Over the years, South Africa has seen significant growth in convenience stores moving to the forecourt. Catering for the demand for speedy, on-the-go and emergency purchases, the forecourt convenience retail sector has carved out a thriving niche for itself. But what has enabled this growth?
Advancements made within the card payment technology space have allowed for more seamless card transactions, which in turn has driven the successful expansion of the forecourt convenience retail sector.
Since the beginning of time, humans have offered payments for goods and the means by which these payments were made has changed dramatically over the years. From bartering goods, to using grain as currency and then from metal coins to paper money, and now cashless payments.
These advancements have enabled the forecourt retail sector to offer customers exactly what makes the sector an attractive place to shop in the first place – convenience by way of proximity, speed and efficiency – resulting in the advent of the fuel forecourt as the new convenience stores.
Card acceptance progression
Initially, payment at the fuel forecourt was only limited to fleet cards, which were first only printed with the name of the company, vehicle registration and signature. Fleet cards eventually began to use magnetic strips that were more secure through PIN codes and eventually chip cards.
To increase accessibility and convenience, credit card payments were then also accepted at the forecourt and, thereafter, debit cards.
The movement of established conventional retailers such as Woolworths and Pick n Pay to the forecourt also had a positive impact on the number of cards swiped, which also drove connectivity.
As convenience retail continues to grow as an industry sector, retailers must remain focused on the most significant trends that will see their businesses flourish...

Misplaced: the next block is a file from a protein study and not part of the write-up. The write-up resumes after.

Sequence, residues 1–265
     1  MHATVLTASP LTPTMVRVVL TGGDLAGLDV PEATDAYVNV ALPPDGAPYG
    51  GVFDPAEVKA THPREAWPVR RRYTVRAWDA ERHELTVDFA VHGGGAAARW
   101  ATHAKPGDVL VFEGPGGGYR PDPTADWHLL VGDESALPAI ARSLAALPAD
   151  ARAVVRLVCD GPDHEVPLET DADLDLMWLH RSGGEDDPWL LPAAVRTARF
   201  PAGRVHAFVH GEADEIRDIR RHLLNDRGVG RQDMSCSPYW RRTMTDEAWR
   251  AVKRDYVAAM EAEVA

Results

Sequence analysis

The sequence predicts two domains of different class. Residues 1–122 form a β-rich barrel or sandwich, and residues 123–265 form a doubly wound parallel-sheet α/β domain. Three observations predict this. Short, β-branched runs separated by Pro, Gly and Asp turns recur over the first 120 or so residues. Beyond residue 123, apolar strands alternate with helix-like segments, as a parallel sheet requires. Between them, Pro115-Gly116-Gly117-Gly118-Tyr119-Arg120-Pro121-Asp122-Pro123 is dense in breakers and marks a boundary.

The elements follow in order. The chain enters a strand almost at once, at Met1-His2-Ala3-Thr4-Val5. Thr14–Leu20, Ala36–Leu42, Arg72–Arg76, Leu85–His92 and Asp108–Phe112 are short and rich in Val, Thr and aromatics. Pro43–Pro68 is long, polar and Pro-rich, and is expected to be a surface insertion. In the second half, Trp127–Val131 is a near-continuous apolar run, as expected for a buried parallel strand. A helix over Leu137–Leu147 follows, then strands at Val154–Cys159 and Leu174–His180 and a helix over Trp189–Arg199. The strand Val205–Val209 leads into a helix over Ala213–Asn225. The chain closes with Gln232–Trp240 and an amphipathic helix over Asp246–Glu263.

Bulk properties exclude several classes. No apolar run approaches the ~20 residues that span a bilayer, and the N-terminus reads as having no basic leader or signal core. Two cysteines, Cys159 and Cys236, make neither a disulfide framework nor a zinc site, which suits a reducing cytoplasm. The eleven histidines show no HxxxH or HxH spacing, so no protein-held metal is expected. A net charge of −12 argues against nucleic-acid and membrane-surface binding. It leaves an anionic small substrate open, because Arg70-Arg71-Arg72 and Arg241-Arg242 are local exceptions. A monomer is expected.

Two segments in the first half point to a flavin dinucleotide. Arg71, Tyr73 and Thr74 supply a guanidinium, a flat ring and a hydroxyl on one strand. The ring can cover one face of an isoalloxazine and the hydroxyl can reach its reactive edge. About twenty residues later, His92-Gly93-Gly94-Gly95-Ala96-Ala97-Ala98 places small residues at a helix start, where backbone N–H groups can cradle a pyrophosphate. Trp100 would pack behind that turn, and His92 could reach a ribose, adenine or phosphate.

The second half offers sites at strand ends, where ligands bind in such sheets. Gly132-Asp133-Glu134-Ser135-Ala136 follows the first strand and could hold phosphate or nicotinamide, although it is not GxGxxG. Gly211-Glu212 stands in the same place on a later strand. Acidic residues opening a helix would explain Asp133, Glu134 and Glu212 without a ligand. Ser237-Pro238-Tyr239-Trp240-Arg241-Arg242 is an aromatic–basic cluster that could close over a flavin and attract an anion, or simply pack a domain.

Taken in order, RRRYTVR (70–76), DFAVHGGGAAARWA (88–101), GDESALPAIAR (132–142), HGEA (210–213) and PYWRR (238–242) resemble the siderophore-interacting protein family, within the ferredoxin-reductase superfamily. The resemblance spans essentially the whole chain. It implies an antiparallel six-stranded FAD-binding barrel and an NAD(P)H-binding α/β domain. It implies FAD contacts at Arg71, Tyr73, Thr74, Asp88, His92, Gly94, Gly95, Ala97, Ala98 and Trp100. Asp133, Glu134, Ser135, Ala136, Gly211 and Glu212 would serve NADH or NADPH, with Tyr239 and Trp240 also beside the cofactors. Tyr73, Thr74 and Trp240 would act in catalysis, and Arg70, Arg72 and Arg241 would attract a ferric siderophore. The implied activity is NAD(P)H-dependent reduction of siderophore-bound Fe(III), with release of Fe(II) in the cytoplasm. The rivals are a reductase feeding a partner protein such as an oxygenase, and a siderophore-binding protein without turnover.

Joe Boyle 8 Jan 2019
The systems used for card payments have also progressed over the years, shifting from the use of 2G to 3G networks and LTE devices. As the volumes of card transactions increased, so did the speed of payment processes and the development of card payment devices.
With the need to address safety concerns came the need to bring card payment machines to vehicles, and thus payment devices changed from a desktop to a mobile solution through the use of the SIM card. The utilisation of SIM cards has currently been replaced by wireless Wi-Fi technology which makes use of access points within and around the petrol station to ensure connectivity.
Communication and reducing downtime
The uptime of cashless payment systems has become critical to forecourt retail, because of this, there has been a shift towards providing that redundancies are put in place in order to monitor and ensure the uptime of systems.
The reason that forecourt retail holds much of its appeal is due to the true convenience it offers customers. Without active and connected payment terminals, a large part of this convenience is eliminated, requiring those who wished to pay for goods by card draw cash or leave their items.
In order to ensure that this does not happen, card payment systems will need to make use of both fixed line infrastructure as well as a secondary failover connectivity in future.
Communication is another critical factor for the sector, which requires connectivity to gather and convey important information, such as stock currently in the store, vouchers, prepaid airtime and data or the lotto.
In order to make sure that there is no lag or downtime of communication, payment systems are moving to incorporate a converged software-defined wide-area network, or SD-WAN, which connects networks over large geographic distances through the internet or a cloud-native private network.
Strategic partnerships between payment services are crucial in ensuring that the payment ecosystem is seamless...
Maroefah Smith 15 Mar 2019
The future of forecourt retail will be all about connected digitisation, in order to cater to a growing digital customer base. This will lead to new ways of engaging customers, using technology to attract drivers to stop at the forecourt when they’re just driving past, using Wi-Fi to advertise specials to customers filling up at petrol stations and placing orders with other retailers for pick-up at the forecourt.
And, last year, multinational oil and gas company BP admitted that half of the customers at its forecourts don’t even buy petrol.
All of these new means of operations by the sector will rely on payment connectivity solutions to make sure that customers receive an “on-the-go” experience, which is what they’re there for.
And, the more that card payment technology and secure payment connectivity improves, the more attractive factors such as speed and convenience improve, resulting in the progressive growth of the forecourt convenience retail sector itself.